Seeds To Plants Lifecycle

Houseplants Summer Tune-up

Summer can be rough on houseplants. Warm temperatures, cool air from air conditions, dust, changing light, and varying humidity can stress indoor plants. Luckily, summer is also a great time to give your houseplants a little vacation and take them outdoors for some extra tender loving care.

Choose a place outdoors that stays lightly shaded all day; under a shade tree on the patio or on a covered porch is perfect. Spray the foliage gently with a hose to remove any dust. Insects love dusty leaves. It may take several passes with the hose to remove all the dust. If that doesn’t do the job, wipe the leaves down with a moist towel or cloth. Rinsing the towel in lukewarm water with a drop or two of mild liquid dish soap should help. If you use soapy water, rinse the foliage with fresh water from the hose afterward.

As you rinse the foliage, repeatedly water the root ball as well. This will help leach out any salts that have accumulated in the soil and could burn the leaves. After leaching the salts from the root ball, fertilize with a houseplant food according to label instructions. Also, look carefully for any pests and if necessary, treat them with an insecticide, such as the Natria products featured above. Always read and follow label instructions.

After the plants dry, you can move them back indoors but many gardeners prefer to leave them outside for days, weeks, or even all summer, especially if the plants have been struggling. Outdoor conditions will usually revive the plants and get them back to their beautiful selves. Just make sure you water and fertilize regularly.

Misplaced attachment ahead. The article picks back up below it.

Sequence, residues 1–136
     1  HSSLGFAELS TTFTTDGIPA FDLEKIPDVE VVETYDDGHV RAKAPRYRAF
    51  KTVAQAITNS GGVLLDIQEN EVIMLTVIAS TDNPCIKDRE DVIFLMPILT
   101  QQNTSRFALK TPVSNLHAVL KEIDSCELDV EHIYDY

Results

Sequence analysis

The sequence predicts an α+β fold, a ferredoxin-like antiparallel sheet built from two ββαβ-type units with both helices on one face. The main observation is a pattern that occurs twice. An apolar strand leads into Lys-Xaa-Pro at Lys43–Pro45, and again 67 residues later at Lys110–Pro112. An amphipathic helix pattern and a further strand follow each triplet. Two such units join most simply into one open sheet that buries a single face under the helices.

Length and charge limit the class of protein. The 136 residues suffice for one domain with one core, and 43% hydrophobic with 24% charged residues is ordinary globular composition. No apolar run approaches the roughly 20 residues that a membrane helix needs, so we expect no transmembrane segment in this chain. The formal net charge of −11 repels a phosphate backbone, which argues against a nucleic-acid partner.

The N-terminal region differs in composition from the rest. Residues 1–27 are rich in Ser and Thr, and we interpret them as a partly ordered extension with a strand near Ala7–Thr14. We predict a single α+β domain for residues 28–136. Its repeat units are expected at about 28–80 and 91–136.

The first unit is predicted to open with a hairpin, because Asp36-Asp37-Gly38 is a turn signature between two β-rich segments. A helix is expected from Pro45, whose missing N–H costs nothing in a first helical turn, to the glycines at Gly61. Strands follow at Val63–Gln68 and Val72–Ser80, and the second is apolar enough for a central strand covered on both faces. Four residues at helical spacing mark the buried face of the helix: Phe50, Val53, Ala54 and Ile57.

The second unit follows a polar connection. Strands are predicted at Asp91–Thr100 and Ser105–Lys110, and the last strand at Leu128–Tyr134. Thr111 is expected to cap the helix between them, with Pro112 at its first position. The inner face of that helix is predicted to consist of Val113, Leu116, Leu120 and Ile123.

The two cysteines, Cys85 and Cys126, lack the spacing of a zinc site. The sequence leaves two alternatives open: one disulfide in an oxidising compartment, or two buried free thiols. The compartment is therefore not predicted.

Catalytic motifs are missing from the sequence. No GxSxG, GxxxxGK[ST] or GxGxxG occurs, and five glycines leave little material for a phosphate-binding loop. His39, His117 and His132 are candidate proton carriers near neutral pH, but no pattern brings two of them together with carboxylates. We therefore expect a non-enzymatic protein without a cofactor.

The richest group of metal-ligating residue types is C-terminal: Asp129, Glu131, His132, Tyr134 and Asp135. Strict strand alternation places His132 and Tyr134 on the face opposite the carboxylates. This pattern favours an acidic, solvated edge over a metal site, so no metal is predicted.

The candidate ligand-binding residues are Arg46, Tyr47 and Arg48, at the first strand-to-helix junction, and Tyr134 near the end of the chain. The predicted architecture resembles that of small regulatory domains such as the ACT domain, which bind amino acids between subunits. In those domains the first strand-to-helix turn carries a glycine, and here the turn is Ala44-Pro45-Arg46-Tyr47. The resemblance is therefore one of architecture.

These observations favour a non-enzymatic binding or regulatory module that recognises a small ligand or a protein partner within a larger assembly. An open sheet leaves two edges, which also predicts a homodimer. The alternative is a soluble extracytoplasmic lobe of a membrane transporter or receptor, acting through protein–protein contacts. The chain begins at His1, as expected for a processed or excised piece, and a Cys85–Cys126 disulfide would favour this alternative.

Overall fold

People’s Newsroom Mobilization Network

Praiser

No one loves to be praised more than God, and no one accepts more excuses than God. Don't pluck flowers, you separate parents from their kids by this act. Trees in "social classroom" are linked to neighboring plants and trees by an underground network that resembles the neural networks in the brain to communicate with each other in cooperative ways. In the full glory of sunlight, the nature of trees is far more alert, social, sophisticated—and intelligent—than any scientific evidence provided on earth. Wise old mother trees feed their saplings with liquid sugar, shares air, water and nutrients through the underground networks to process signals as their communication elements. Trees detect scents through their leaves and start sending slow-pulse signals about change in nature’s plan, reach of any drought or disease, to each other for immediate behavior alteration. They warn the neighbors when any change approaches. Everything in the forest is the forest because of the praise of plants.

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